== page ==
The following was prepared as an example of literary writing for the Latin AP exam.
Odi et amo. Quare id faciam, fortasse requiris.
Nescio. Sed fieri sentio, et excrucior.
In Catullus 85, Catullus uses diction and word order to explore the theme of conflicting emotions. The poem opens with the words “Odi et amo,” (I hate and I love). These short, direct words, and the juxtaposition of their opposite meanings convey an intense contradiction of emotion. Catullus is experiencing both love and hate simultaneously, rather than transitioning between the two.
In the middle of the poem, weak words such as “fortasse” (perhaps) and “nescio” (I don’t know) lower the intensity of the piece, instilling in the reader a sense of fatigue after the sudden, and powerful introduction. Catullus’s use of the indirect question at this point, “Quare id faciam fortasse requiris,” (You may ask why I do this) serves to further distance the reader emotionally. The caesura, a metrical pause in the second line of an elegiac couplet, placed in the middle of a thought, “fieri sentio,” (I feel that it is happening) comes through almost as a sigh.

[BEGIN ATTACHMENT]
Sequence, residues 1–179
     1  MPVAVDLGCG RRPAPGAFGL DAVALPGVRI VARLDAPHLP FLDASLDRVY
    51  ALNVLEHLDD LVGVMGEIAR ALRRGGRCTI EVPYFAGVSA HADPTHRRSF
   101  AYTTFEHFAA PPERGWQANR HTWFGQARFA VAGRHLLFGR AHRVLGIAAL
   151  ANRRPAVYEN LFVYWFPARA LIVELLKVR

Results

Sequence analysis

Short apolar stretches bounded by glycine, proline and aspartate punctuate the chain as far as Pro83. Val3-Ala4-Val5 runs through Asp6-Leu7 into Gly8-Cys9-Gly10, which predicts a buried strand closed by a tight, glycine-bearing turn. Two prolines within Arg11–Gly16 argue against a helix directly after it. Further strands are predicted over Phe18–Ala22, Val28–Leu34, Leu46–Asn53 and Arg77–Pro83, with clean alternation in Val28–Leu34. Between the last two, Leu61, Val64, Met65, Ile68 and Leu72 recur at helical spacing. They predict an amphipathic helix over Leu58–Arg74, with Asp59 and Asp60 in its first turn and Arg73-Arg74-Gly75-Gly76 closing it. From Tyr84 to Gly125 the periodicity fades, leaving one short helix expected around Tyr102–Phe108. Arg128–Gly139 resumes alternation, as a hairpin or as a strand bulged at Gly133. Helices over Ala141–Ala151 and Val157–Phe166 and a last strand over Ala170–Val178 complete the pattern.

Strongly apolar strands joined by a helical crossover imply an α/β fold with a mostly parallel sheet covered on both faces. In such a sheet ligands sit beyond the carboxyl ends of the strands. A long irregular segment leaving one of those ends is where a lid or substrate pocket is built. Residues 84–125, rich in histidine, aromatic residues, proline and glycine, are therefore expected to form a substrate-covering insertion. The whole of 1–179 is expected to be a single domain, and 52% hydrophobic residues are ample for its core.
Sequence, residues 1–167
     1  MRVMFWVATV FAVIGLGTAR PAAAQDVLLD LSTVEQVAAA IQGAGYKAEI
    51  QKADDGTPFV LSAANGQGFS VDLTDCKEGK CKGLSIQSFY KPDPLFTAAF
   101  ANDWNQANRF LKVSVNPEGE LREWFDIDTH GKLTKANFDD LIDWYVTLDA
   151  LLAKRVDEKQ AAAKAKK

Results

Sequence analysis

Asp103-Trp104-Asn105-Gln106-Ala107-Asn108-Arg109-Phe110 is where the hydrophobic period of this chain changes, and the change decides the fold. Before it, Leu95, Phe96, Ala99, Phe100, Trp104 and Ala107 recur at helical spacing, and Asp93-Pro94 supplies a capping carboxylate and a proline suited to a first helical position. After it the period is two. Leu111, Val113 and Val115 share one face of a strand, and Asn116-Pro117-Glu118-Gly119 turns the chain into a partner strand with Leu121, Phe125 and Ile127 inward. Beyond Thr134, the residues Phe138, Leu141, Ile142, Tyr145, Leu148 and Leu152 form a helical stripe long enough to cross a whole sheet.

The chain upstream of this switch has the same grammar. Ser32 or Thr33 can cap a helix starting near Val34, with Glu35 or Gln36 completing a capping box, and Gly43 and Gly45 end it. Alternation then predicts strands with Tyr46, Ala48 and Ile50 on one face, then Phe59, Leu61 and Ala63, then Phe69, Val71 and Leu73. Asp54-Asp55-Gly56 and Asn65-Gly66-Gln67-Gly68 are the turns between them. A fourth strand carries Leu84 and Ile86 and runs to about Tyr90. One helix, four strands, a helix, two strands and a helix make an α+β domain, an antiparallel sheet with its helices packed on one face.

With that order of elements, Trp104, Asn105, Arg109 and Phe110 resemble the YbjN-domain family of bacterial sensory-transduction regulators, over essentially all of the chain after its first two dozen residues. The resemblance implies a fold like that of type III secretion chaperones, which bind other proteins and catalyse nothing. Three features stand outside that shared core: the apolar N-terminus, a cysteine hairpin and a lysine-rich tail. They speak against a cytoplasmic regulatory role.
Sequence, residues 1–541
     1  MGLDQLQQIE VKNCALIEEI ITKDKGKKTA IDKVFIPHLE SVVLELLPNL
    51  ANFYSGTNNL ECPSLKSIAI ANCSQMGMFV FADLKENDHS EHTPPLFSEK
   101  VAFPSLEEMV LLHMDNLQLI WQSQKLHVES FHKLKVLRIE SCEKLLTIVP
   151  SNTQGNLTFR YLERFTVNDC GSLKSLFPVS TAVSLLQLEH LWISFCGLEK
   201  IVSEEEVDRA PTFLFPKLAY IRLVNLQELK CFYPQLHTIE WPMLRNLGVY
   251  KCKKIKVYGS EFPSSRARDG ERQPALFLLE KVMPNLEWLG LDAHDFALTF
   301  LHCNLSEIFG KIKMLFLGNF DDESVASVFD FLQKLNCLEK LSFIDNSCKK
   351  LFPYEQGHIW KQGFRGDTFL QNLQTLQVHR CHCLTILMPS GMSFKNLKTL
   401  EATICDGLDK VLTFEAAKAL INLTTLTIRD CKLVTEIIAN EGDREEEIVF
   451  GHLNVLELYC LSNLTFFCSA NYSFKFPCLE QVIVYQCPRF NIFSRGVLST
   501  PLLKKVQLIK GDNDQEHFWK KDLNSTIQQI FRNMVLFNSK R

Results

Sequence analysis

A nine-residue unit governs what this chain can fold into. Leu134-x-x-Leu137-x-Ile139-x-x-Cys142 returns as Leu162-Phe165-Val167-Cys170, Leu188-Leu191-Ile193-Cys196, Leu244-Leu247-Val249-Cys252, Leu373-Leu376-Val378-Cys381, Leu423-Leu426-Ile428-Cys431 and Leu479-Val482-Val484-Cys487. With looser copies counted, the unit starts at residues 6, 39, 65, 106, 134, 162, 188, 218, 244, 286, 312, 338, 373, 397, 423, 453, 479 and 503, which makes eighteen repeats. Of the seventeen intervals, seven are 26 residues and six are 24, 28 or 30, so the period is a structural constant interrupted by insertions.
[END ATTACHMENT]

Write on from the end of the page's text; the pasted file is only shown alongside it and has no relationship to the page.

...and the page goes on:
The piece ends with the word “excrucior” (I am tormented). Here the contradictions running throughout the poem are tied together in a final declaration of suffering. The reader, roused by the intensity of Catullus’s hate-love, then pulled down by his weariness, is once again hoisted up, unwilling, by the enormity of his suffering. The change in voice from active to passive now portrays Catullus as the victim of his emotions. Finally, the root of “excrucior,” “crux,” is reflected in the overall chiasmus of the poem – strong, weak; weak, strong. The weary lover is not only suffering, but being torn in two.